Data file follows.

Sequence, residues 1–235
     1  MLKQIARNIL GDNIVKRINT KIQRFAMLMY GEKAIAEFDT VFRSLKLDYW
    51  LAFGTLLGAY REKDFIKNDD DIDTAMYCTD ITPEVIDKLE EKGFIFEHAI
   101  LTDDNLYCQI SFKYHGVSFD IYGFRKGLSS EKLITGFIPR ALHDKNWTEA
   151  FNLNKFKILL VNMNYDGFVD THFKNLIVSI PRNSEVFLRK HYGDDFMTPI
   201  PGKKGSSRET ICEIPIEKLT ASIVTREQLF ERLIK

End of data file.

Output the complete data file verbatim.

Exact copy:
Sequence, residues 1–235
     1  MLKQIARNIL GDNIVKRINT KIQRFAMLMY GEKAIAEFDT VFRSLKLDYW
    51  LAFGTLLGAY REKDFIKNDD DIDTAMYCTD ITPEVIDKLE EKGFIFEHAI
   101  LTDDNLYCQI SFKYHGVSFD IYGFRKGLSS EKLITGFIPR ALHDKNWTEA
   151  FNLNKFKILL VNMNYDGFVD THFKNLIVSI PRNSEVFLRK HYGDDFMTPI
   201  PGKKGSSRET ICEIPIEKLT ASIVTREQLF ERLIK